Lorry talks with Kathleen S. Ashton, PhD, RN, CNE, Assistant Professor at Duke University School of Nursing in Durham, North Carolina. Dr. Ashton penned an article published in the Journal of Nursing Education titled “Teaching Nursing Students to Care for Patients Who are Inmates.”
She became interested in the subject as she visited clinical settings where Duke nursing students were sometimes assigned to inmates who were in the acute care setting for surgery, childbirth, or emergency care. The students had some common concerns about dealing with incarcerated patients. This situation also provided an opportunity to practically apply concepts from the Code of Ethics; helping to guide moral formation.
Students can pick up attitudes of staff nurses on the units; both good and poor. A judgmental attitude can influence care delivery and needs exploration in relation to professional nursing practice.
Respect, care, and concern are important nursing values no matter the patient population. Caring for patients who are inmates provides nursing students with an opportunity to explore these values when caring for patients who may be very different from themselves.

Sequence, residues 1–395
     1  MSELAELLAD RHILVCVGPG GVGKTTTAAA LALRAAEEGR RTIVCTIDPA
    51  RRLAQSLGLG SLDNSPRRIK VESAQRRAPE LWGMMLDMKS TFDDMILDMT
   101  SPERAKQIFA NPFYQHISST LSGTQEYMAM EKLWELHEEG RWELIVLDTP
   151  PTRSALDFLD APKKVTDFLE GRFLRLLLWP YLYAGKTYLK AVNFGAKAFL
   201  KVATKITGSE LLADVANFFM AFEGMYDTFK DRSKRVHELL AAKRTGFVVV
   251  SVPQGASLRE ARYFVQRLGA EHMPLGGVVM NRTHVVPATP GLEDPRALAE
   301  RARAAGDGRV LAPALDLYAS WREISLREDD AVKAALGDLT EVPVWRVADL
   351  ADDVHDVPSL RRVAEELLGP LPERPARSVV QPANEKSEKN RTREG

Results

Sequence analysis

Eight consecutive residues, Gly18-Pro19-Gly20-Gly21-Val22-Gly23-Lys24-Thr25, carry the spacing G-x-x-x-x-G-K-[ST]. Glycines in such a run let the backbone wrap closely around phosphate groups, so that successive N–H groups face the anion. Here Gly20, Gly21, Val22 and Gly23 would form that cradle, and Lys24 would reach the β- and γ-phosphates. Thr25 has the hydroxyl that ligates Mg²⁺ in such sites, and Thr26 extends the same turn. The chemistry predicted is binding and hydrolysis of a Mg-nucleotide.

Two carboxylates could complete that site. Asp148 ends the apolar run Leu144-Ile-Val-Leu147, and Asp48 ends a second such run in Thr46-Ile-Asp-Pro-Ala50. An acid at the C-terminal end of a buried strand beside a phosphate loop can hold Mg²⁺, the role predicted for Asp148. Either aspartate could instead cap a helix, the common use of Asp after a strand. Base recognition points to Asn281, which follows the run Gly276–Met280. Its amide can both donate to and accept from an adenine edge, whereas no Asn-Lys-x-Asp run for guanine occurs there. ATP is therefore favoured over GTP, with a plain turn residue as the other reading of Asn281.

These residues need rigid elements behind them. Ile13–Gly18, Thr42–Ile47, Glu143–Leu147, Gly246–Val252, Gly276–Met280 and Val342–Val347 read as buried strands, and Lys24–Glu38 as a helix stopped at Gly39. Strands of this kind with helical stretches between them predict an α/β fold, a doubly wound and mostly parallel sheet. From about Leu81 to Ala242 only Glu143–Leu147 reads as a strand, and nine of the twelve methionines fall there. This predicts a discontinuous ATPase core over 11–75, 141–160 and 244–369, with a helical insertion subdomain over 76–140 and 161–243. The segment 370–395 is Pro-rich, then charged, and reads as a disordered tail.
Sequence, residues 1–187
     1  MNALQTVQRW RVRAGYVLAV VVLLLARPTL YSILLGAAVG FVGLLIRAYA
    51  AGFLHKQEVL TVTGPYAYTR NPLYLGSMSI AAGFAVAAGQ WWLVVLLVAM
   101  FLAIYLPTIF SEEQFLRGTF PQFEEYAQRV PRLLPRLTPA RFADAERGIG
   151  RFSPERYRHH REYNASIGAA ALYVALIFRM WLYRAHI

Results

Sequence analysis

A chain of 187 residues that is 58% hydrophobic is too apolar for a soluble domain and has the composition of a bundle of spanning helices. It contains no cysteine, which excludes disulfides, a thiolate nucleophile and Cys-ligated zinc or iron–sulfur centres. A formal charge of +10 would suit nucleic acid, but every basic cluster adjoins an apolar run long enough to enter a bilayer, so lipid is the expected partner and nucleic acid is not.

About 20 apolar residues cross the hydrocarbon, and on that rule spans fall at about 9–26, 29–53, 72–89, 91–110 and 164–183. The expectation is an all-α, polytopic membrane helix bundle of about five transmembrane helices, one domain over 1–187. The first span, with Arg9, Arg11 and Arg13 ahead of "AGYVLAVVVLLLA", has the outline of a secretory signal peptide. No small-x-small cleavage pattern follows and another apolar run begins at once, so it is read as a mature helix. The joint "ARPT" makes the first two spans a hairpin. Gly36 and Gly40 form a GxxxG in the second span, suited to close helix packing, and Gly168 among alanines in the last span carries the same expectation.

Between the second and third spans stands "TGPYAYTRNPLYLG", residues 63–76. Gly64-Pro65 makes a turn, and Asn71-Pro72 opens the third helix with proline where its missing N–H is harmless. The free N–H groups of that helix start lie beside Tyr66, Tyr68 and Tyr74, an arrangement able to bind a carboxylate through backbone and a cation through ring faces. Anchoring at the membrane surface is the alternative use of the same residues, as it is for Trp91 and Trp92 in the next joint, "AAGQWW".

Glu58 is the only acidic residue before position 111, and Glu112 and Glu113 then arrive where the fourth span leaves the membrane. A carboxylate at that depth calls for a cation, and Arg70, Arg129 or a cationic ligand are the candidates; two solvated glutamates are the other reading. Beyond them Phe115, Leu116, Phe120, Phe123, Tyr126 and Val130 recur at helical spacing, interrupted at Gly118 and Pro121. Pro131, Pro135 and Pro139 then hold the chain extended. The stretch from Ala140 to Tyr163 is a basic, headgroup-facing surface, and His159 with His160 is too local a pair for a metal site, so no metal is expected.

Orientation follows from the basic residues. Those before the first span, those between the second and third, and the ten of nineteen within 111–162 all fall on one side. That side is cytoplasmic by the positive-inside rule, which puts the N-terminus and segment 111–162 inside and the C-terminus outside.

Dr. Ashton describes a case study approach she has uses to help nursing students organize their thoughts and feelings about providing care to patients who are inmates. The case study described in her article is of a young man with an acute fracture of the tibia and fibula. He is brought to the hospital by ambulance from a state correctional facility. Questions asked of students include who should sign the consent for surgery, the use of ankle and handcuffs, and whether family can visit the patient during the hospital stay. The final question asked is “How should the nurse treat the patient?”
The question of patient treatment allows for dialogue about the nursing values of human dignity, respect, and compassion. Dr. Ashton reports many differences of opinion among students when working through this case study.
While the nurses in the Duke University School of Nursing have only had exposure to inmates as patients in acute care facilities, she is open to the idea of student experiences in healthcare units in correctional facilities. Barriers such as security clearance and personal safety must be overcome.
What do you think? Share your experiences as a student caring for inmate patients or in having nursing students in your correctional setting.